Increasing Resilience to Climate Change and Natural Hazards
Leading Organization:World Bank
Implementing Agency:IBRD - The World Bank
Climate resilience and disaster risk reduction strengthened in key sectors in Vanuatu by promoting a risk management approach to reduce vulnerabilities.
Vanuatu comprises about 80 islands with a land area of 12,336 sq. km spread over 1,300 km from north to south in the Western Pacific Ocean. It is geographically located in the “ring of fire” and the “cyclone belt” of the Pacific, its archipelagic characteristics, together with limited financial and technical capacity makes it extremely vulnerable to a range of natural hazards. Vanuatu has often experienced volcanic eruptions, cyclones, earthquakes, droughts, tsunamis, storm surge, coastal and river flooding and landslides. In addition it has suffered from extreme events associated with climate variability and sea level rise such as an increased frequency of tropical cyclones. Since 1939 Vanuatu has experienced 124 tropical cyclones, of which 45 were categorized as having hurricane force winds. Several of these disasters have caused loss of human lives, disrupted livelihoods and resulted in millions of dollars in damage to infrastructure. In recent times, cyclones Uma, Anne and Bola hit Vanuatu during 1987 – 1988 causing 50 deaths as well as significant damage in the agriculture and tourism sectors resulting in total destruction of property valued at over US$152 million. Cyclone Prema, which occurred in 1993, caused some US$60 million in damages, and Dani in 1999 resulted in damage to infrastructure estimated at US$8 million. The Penama earthquake and tsunami of November 1999 affected 23,000 people. Cyclones typically occur during the warmer months between November and April, but Cyclone Rita in May 1991 and Gina in June 2002 occurred out of season.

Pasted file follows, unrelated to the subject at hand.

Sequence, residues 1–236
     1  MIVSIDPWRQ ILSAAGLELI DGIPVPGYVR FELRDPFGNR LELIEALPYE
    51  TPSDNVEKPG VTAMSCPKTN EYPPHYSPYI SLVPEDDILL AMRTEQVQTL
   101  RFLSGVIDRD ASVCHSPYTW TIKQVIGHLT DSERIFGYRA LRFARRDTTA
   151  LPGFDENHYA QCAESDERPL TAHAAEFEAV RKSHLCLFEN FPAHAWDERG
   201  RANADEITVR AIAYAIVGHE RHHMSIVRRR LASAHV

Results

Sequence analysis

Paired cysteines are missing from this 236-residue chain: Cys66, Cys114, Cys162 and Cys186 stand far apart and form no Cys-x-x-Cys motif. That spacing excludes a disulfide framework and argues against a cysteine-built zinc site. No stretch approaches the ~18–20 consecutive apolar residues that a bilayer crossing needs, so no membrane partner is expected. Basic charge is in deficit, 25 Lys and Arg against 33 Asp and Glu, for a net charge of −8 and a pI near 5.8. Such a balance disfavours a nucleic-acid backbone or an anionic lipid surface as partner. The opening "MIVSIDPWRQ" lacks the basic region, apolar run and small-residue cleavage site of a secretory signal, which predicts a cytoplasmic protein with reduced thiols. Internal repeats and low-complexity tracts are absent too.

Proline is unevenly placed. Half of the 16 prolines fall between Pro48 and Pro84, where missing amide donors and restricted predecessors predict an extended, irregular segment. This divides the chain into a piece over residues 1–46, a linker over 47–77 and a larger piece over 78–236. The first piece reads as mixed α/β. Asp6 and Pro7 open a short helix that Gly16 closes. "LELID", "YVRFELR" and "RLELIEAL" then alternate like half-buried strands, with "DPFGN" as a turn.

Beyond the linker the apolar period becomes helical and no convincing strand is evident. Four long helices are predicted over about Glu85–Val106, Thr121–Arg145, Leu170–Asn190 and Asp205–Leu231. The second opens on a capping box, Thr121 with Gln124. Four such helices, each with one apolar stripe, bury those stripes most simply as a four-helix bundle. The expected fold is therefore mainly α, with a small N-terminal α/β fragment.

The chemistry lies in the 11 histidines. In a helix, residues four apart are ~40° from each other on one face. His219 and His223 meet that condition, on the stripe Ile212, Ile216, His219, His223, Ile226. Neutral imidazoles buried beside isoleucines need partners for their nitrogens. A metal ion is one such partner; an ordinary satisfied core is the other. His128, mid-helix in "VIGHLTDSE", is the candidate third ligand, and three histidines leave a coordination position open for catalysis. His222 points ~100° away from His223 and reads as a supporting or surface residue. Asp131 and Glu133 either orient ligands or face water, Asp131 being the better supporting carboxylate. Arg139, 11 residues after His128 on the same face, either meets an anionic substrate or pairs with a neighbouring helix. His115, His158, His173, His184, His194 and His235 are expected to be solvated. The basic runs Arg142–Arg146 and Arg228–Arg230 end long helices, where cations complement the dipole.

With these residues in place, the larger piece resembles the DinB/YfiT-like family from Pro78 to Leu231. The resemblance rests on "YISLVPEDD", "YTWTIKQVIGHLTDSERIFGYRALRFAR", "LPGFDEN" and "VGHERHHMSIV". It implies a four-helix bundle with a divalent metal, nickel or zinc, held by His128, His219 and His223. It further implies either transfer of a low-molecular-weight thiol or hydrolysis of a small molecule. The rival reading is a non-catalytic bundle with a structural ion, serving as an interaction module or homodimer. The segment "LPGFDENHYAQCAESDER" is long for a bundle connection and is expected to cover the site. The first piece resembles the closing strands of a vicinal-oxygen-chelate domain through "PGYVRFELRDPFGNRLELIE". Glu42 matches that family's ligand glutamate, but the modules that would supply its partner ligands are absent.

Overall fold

There is a high level of awareness among key stakeholders in Vanuatu of the risks posed by the hazards associated with climate change and natural disasters. Vanuatu is the only Pacific Island Country to have completed both a National Adaptation Program of Action (NAPA) and a National Action Plan (NAP) for Disaster Risk Reduction. A recent Global Fund for Disaster Risk Reduction (GFDRR) stock taking exercise, building on the NAPA and the NAP, also identified priorities. The stock-take also emphasized the links between climate change adaptation and disaster risk reduction and the relevance of this approach for the Pacific Islands. Furthermore, the government is committed to follow through on the Hyogo Framework to integrate the management of climate change adaptation and disaster risk reduction. Additionally, there is a commitment to merge the National Advisory Committee on Climate Change (NACCC) and the National Disaster Management Committee (NDMC). The project would be consistent with the above strategies and be designed to:
(i) address the main climate and weather related hazards facing Vanuatu;
(ii) address immediate priorities already identified through the NAPA, NAP and other consultation processes such as the GFDRR stock-take;
(iii) support the country’s sustainable development priorities;
(iv) take account of the existing and potential capacity for implementation; and
(v) the likelihood of achieving results. The overarching goal of this project, to be co-financed by the European Commission (EC), is to mainstream climate change adaptation and climate-related disaster risk reduction into core aspects of the Vanuatu economy and resource management systems. It would aim to reduce the previously mentioned vulnerabilities by promoting a risk management approach that addresses both weather and climate related hazards
1. Mainstreaming CCA & DRR at National, Provincial, and Community Levels 2. Strengthening Capacity in Planning for CCA and DRR 3. Implementing Climate Resilience Measures in Targeted Sectors 4. Project management
1. % of annual budget spent on CCA and DRR activities; and Number of sector plans that include CCA and DRR 2. Quality and timely information available for decision making; and # of area maps with hazard risks completed and available to users 3. % of households in targeted areas using sustainable practices introduced by the project; number of watershed or protected area/reserve plans prepared using hazard maps; % increase in water storage capacity in project areas; and # of new tourism investments guided by climate risk concerns
Project Status:Council Approved